Dad’s night out. When I was single and in college, we just called this Tuesday. There was no reason to schedule anything at anytime. Get this, we would just decide that hey, I need a beer. And then we would go and have a beer. I know, sounds impossible and yet, that is what we did.
However, with kids and a wife that can’t get enough of watching her husband do yard work in sandals and socks, I find it tough to get out of the house. Every time I attempt to leave the house without the appropriate diaper bag or chore list, a thousand hands pull me back in. It’s kind of like being in the mob although the only racket I run is shooting odds on what Swiper will Swipe next. Seriously, Dora should just contact a hunter and shoot that freaking fox. How many second chances should he get? Send him a fish in a newspaper, that should get the message across.
So when Dad’s night comes once a month, I usually look forward to it. I look forward to having a drink without someone’s hands reaching into my glass in order to snatch an ice cube. I look forward to conversation that focuses on sports and not next week’s schedule and important things I have to do. I look forward to not having to explain why we can’t throw pudding on the floor although I do admit it looks pretty cool. And I enjoy just sitting back and not talking at all if I want to. Just sitting there and people watching.
An hour into Dad’s Night Out my phone rings. It’s my wife.
“Yes dear?” I say.
“We have a problem.” She tells me. We are not allowed to have a problem on Dad’s Night Out, that’s the rule.
“Um, ok?” I reply. Usually when I get these phone calls my mind goes to one of two areas: 1. Is everyone ok 2: Did I do something that made her mad enough to call me.
“What’s the problem honey?” I tell her. The bar is getting kind of loud so I almost have to scream it. Already the other guys are giving me looks and making hand motions because they all know that it’s my wife who’s on the phone. It’s a guy ritual, like high fiving. If your significant other calls you must rip on the guy. I don’t know why this is but I don’t know the meaning of life either. It’s just one of those things.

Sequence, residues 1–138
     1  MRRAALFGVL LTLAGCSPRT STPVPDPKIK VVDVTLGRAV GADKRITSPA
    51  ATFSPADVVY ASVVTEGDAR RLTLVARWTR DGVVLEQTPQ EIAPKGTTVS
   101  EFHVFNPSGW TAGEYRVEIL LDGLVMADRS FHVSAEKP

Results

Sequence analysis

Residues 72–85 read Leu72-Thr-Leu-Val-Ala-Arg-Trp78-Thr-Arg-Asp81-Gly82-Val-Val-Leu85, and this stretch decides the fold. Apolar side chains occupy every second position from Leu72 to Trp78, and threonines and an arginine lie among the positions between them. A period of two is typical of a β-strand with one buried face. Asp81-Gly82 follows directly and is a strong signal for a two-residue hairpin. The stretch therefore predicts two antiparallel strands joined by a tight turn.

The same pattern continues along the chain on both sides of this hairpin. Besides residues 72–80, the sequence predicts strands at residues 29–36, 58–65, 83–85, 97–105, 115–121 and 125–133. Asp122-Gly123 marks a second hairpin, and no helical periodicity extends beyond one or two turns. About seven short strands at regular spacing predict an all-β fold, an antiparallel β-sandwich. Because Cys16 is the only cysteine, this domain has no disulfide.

“You need to come home” She says. “There’s a spider.”
She is completely serious.
This is yet another reason of why I know my wife will never leave me. She is terrified of bugs. Of all shapes and sizes, of all distinctions, of all makes and models. She hates them and she’s afraid of them. And when I’m not there, she is equally terrified that the bug will get some bug buddies and rob her at knife point.
“Come home now” she demands.
But this is Dad’s night out. This is my night. This is my night of sitting there and not getting pawed at for just one more cookie, please daddy can we have just one more cookie.
But I’m also a stay at home dad. I am a dad that is the primary caregiver of my two children. And even though neither of my children look like me particularly, they both act like me. I have taught them, for they are my minions. And my minions kill bugs.
“Wake up Little Hoss” I tell her. “Tell her that Daddy told her to kill the bug.” I am also completely serious. I have taught my 4 year old to kill bugs. To act in my place for when I am not there. It’s time for her to earn her keep.
“I’m not waking the kids” my wife tells me.
“But you must. Little Hoss will kill the bug. Get her a broom or a big shoe. Give her a power drill. Put her in the same room as the bug and just shut the door. Give her 10 minutes and don’t ask her any questions.”
We hang up the phone and I enjoy the rest of my Dad’s night out.
I come home late at night and find a rolled up magazine stuffed in the cushions of the couch. It appears that my wife did not wake the children and tried to kill the bug herself. I lift up the magazine and find no bug. I don’t tell my wife that the bug is possibly alive. Because tomorrow, when Little Hoss wakes up, the hunt begins. And we love the hunt.